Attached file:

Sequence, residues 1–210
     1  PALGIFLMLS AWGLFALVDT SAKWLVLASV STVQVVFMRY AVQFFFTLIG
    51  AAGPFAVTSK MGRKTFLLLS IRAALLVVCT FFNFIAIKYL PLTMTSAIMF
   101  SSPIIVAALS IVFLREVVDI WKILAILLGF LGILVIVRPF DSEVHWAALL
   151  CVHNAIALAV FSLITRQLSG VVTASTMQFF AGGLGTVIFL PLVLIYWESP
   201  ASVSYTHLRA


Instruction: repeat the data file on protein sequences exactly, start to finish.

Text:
Sequence, residues 1–210
     1  PALGIFLMLS AWGLFALVDT SAKWLVLASV STVQVVFMRY AVQFFFTLIG
    51  AAGPFAVTSK MGRKTFLLLS IRAALLVVCT FFNFIAIKYL PLTMTSAIMF
   101  SSPIIVAALS IVFLREVVDI WKILAILLGF LGILVIVRPF DSEVHWAALL
   151  CVHNAIALAV FSLITRQLSG VVTASTMQFF AGGLGTVIFL PLVLIYWESP
   201  ASVSYTHLRA